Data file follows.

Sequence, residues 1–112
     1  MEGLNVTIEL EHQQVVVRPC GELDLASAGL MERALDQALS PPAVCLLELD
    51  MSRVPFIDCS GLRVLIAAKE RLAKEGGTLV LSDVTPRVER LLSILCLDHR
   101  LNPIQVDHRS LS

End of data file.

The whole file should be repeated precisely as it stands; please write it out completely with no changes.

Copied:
Sequence, residues 1–112
     1  MEGLNVTIEL EHQQVVVRPC GELDLASAGL MERALDQALS PPAVCLLELD
    51  MSRVPFIDCS GLRVLIAAKE RLAKEGGTLV LSDVTPRVER LLSILCLDHR
   101  LNPIQVDHRS LS